You will find your way! emoticon
    3047 days ago
  • no profile photo CD12783562
    In the blog link, you said you haven't binged in at least six months. When was the last time you wrote a schedule like that? Is there a connection?

    Did you ever go into Reports from MY TRACKER? I'm pretty new at this, so I'm still stumbling on new stuff. If you read my last blog or two, I anticipate that I won't be able to exercise this week, not even the simple walking or biking that I do. Now that it's Wednesday, it has proven true. But when I go into Reports, then click on Daily Calorie Differential, I am reminded that the calorie range I am given has a calorie deficit built into it. The exercise we do is just gravy, er, um, a feather in our caps. Monday I had -150 deficit, Tuesday -200 deficit with no exercise. When I do exercise, it's more like -589, -750, even -1189 once.

    So, this week when I can't exercise, I'll be holding my own. I may not see a loss on the scale when I weigh in again, but when I don't post a gain, that is a victory for me. Even though I haven't posted a loss, it doesn't mean I haven't lost anything, because my scale only weighs in half pounds. I probably won't realize a -1750 (half pound) deficit by next week, but considering the situation, that is good. I have not gained.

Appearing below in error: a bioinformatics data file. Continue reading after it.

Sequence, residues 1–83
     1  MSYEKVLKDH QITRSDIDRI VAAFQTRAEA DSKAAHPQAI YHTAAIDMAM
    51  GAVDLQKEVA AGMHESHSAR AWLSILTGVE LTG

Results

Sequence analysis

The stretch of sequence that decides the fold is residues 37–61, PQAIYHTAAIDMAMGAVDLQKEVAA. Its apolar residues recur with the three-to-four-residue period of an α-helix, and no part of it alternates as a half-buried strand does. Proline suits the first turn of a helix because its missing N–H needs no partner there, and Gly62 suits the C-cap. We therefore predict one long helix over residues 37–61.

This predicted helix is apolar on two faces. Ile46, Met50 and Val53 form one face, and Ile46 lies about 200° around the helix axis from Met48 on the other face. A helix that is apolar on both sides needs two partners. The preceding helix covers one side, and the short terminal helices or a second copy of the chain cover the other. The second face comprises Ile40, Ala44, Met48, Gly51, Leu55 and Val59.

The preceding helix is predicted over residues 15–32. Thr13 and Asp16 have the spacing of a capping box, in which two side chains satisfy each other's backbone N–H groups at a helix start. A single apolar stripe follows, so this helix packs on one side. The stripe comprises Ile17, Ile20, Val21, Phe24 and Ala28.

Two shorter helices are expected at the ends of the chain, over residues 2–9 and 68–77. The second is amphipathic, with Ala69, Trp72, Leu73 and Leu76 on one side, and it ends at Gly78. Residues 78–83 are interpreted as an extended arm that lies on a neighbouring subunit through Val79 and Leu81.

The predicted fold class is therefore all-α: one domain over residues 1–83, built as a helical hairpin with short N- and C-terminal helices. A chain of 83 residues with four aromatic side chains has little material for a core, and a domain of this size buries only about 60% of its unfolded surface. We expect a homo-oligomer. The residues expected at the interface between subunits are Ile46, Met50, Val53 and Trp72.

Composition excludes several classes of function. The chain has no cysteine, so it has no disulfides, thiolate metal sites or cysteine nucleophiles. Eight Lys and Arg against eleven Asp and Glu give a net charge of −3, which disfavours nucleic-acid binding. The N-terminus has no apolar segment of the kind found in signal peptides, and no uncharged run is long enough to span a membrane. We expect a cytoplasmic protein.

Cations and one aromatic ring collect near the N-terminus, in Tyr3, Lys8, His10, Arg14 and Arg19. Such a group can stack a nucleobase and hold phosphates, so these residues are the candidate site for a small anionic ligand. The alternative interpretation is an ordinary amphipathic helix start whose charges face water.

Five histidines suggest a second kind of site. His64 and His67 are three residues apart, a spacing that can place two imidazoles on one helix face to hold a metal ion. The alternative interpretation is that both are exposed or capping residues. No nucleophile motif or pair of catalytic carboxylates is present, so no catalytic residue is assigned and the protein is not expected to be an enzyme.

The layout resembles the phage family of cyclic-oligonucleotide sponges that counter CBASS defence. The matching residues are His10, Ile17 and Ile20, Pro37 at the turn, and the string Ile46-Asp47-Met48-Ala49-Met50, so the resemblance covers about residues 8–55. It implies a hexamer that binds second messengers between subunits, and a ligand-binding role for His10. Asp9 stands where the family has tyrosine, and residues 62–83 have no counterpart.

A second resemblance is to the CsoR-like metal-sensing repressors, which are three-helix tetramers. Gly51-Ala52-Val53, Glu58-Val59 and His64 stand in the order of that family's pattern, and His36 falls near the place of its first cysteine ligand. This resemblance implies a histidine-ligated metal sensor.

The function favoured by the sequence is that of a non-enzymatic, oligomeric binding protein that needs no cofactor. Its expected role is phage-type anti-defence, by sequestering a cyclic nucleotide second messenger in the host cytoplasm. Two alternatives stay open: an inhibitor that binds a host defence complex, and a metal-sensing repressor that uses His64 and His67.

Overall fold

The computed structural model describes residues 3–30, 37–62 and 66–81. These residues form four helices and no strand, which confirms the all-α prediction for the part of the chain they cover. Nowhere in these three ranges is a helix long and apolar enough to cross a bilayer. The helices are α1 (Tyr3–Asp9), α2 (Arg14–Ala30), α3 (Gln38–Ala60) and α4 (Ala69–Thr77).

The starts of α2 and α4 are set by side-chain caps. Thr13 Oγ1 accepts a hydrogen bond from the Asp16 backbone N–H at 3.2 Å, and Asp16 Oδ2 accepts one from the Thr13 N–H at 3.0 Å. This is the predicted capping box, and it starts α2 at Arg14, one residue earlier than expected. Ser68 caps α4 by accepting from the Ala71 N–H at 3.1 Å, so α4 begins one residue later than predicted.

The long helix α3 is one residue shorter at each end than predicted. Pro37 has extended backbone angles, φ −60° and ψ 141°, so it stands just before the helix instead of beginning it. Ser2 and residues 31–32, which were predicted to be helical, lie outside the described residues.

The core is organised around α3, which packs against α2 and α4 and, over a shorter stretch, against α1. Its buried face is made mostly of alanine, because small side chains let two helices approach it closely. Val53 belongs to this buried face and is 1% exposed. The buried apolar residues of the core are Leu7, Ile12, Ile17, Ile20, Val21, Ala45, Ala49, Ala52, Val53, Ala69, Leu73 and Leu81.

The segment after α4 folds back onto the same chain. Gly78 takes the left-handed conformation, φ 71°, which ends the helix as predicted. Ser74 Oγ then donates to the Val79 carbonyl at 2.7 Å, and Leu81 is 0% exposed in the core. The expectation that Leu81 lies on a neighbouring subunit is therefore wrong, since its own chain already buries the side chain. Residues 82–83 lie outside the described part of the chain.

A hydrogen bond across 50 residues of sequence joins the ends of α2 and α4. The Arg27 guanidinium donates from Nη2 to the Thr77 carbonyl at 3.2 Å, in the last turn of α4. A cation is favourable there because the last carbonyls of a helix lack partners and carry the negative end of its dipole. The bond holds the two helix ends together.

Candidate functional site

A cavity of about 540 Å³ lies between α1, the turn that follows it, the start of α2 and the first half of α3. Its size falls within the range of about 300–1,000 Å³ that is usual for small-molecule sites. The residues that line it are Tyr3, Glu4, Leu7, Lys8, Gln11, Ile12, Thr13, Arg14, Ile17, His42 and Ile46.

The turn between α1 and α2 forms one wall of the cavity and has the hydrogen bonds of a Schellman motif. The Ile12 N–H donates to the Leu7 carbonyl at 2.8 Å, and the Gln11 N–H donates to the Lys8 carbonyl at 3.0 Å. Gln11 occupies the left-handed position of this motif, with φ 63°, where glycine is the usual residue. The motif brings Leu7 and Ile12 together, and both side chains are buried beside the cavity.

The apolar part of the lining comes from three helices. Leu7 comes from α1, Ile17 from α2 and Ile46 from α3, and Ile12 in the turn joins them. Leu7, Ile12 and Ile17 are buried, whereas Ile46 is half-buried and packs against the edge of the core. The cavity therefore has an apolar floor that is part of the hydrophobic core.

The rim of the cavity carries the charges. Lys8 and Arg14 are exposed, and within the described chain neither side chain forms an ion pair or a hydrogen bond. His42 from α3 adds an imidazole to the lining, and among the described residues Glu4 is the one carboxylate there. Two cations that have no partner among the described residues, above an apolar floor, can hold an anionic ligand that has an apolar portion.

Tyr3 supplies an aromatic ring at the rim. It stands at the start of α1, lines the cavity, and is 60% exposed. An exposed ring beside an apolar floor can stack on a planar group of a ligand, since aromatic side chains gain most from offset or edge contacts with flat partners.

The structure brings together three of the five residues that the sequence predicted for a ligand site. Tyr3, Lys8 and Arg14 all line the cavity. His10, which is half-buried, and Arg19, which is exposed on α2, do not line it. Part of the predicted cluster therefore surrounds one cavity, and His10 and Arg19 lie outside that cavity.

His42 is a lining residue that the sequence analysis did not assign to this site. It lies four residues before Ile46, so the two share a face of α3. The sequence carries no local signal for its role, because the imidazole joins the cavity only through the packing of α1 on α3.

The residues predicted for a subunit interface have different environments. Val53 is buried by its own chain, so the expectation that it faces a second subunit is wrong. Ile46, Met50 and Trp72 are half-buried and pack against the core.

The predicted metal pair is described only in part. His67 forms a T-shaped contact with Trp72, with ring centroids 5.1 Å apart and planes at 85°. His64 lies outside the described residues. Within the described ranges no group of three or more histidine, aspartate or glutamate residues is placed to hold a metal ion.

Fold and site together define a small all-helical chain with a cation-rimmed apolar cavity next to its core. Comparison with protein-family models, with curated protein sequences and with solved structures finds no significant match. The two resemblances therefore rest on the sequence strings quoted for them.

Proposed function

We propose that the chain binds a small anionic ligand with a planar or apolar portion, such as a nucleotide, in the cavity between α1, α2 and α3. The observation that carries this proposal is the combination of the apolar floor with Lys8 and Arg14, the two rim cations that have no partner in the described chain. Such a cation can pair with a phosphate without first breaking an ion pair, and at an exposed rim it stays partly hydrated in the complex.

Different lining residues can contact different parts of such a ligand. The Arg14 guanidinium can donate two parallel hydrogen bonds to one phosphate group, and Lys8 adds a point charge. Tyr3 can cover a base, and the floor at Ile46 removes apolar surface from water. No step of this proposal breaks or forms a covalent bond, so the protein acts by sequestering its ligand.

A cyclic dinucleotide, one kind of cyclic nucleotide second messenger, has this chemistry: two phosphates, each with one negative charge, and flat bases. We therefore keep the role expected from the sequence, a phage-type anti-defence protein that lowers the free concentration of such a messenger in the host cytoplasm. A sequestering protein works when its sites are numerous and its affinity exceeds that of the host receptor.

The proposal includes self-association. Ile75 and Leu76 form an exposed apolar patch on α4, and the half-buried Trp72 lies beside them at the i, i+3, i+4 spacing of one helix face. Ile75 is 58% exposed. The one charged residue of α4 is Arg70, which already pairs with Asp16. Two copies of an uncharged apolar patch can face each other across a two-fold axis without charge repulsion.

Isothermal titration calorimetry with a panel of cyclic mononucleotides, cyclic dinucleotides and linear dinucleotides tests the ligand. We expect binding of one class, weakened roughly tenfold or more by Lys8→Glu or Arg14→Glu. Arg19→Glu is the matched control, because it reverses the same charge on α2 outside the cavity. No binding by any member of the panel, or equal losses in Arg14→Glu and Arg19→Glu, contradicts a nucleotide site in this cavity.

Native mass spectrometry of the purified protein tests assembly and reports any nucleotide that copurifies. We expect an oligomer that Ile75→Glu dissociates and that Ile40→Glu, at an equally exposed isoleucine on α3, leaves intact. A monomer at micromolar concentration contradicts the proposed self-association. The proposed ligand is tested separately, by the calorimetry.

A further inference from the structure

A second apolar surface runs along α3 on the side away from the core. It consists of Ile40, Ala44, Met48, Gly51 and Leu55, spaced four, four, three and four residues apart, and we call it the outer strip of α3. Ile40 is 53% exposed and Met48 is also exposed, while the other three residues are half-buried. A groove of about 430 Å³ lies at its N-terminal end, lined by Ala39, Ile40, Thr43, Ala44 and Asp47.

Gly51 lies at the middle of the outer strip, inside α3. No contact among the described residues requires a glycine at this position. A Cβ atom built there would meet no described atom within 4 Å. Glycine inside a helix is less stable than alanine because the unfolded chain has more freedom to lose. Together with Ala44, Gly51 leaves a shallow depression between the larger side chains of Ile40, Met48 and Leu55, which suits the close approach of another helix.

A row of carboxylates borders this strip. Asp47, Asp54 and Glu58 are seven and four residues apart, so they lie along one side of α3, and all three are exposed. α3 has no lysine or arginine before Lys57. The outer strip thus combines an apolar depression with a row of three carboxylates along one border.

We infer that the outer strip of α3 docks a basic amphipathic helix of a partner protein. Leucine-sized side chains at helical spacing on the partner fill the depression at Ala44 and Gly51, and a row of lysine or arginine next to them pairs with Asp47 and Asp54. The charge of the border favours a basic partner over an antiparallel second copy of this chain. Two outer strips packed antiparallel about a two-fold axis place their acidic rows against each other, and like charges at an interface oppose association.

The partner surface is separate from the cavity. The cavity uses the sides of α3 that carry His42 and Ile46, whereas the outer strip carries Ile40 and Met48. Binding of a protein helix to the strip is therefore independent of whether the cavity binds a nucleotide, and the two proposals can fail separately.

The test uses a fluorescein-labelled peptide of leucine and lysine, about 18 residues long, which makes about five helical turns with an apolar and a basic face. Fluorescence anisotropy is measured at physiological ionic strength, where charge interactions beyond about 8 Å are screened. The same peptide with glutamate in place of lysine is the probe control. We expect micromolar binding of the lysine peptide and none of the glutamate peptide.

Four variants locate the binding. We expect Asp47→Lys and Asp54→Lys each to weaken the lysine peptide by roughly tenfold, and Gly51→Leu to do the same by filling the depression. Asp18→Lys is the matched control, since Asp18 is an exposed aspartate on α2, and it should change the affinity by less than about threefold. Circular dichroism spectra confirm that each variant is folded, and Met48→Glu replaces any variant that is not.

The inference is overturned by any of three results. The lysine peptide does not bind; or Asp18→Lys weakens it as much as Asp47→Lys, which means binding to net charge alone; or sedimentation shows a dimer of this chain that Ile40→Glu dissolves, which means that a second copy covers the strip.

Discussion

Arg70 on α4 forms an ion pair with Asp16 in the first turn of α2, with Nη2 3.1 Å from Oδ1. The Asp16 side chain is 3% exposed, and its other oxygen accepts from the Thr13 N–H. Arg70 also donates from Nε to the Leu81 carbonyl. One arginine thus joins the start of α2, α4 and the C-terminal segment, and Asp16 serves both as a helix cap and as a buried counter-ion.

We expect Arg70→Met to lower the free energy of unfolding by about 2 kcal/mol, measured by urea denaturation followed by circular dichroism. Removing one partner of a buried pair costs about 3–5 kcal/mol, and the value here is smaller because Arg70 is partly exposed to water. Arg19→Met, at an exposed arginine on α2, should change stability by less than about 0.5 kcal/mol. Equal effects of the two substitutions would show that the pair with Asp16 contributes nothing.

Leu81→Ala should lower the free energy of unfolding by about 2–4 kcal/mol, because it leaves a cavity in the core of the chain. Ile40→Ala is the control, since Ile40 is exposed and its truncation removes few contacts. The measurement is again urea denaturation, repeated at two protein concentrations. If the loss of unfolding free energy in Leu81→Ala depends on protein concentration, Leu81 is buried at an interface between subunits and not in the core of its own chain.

All this means that if you do a form of exercise that is more user friendly, less rigid, you are going to see results. You do not have to suffer or knock yourself out. I know walking isn't impressive, but it gets results. Applying to your situation, if you walk one mile, you will burn 170-180 calories, and it doesn't take long to walk a mile. It lowers cortisol and relaxes you. You can do it with your family and possibly incorporate it into some of your errands at other times.

    Housework - I don't count dusting, dishes. I count housework when I am doing sustained work using upper and lower body. Examples: changing bedding, vaccuming, washing floors, anything requiring bending (cleaning oven, reaching under beds), stair climbing (for me that means laundry), climbing stepstools or ladders (washing windows and walls), sweeping floors and sidewalks, pushing and pulling (moving couch and other furniture), snow shoveling, you get the idea, My family enjoys the clean house and a satisfied mom.

    Housework is not the mainstay of my fitness. Walking and cycling are (and swimming in summer). But I do count the housework I do. Some days I tear into housework, some days less. On days I do less, I probably am counting more walking or biking. I also count my grocery trips to Walmart and such. I count it as walking, giving an honest estimate of what it would be if it were on the road. I don't add in the calories of carrying in the groceries and putting them away in case I overestimate the walking part because of stops and starts. When I grocery shop, it's a big trip because I go as seldom as possible due to distance.

    Just some ideas to ponder. When you read my blogs, from the start I am figuring out what causes me to overeat and exercise less. I am very analytical and it has come in handy for this. I am slowly coming to grips with what happened to get me this way. I was thin when I was younger, and I am figuring out why.

    We're going to be living this way the rest of our lives, so what's the hurry? Be patient and we'll find ourselves thin. A Spark coach said recently that even if we don't think we're making progress, we can be sure something is indeed changing in our bodies.